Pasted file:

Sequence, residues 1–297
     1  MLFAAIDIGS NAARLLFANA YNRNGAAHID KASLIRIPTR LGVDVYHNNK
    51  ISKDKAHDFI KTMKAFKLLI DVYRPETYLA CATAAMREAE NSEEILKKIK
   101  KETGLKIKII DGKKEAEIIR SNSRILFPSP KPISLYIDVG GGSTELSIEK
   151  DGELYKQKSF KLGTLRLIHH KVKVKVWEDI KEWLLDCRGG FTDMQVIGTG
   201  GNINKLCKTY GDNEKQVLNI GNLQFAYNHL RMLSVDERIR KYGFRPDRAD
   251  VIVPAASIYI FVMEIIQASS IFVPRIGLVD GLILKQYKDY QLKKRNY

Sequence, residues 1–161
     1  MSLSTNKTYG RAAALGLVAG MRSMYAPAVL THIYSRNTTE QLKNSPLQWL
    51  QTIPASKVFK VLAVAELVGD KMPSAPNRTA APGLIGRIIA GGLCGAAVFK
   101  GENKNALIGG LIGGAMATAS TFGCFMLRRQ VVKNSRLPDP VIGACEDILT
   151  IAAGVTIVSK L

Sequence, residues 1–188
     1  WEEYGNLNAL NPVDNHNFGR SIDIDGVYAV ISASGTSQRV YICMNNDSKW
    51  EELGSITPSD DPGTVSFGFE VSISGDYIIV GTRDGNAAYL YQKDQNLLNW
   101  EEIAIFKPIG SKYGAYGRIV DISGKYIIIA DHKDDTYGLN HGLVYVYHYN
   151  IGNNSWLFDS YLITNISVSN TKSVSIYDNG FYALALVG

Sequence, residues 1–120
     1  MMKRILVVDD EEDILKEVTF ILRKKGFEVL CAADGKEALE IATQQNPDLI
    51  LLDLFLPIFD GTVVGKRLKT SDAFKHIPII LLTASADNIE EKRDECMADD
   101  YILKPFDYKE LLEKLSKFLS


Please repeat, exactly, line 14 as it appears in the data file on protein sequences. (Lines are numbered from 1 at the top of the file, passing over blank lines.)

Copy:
     1  WEEYGNLNAL NPVDNHNFGR SIDIDGVYAV ISASGTSQRV YICMNNDSKW